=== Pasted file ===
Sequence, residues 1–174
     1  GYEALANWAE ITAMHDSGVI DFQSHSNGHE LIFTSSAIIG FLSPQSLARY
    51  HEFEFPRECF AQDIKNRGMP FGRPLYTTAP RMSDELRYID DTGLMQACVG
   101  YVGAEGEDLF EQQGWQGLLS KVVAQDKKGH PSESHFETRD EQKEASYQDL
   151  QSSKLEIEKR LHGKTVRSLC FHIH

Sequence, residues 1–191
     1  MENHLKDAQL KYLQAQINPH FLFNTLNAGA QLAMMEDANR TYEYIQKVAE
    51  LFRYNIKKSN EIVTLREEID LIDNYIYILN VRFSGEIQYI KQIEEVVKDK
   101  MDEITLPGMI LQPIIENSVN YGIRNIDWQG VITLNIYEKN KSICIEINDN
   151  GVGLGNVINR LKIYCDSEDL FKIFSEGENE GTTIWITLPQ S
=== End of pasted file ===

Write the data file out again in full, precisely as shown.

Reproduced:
Sequence, residues 1–174
     1  GYEALANWAE ITAMHDSGVI DFQSHSNGHE LIFTSSAIIG FLSPQSLARY
    51  HEFEFPRECF AQDIKNRGMP FGRPLYTTAP RMSDELRYID DTGLMQACVG
   101  YVGAEGEDLF EQQGWQGLLS KVVAQDKKGH PSESHFETRD EQKEASYQDL
   151  QSSKLEIEKR LHGKTVRSLC FHIH

Sequence, residues 1–191
     1  MENHLKDAQL KYLQAQINPH FLFNTLNAGA QLAMMEDANR TYEYIQKVAE
    51  LFRYNIKKSN EIVTLREEID LIDNYIYILN VRFSGEIQYI KQIEEVVKDK
   101  MDEITLPGMI LQPIIENSVN YGIRNIDWQG VITLNIYEKN KSICIEINDN
   151  GVGLGNVINR LKIYCDSEDL FKIFSEGENE GTTIWITLPQ S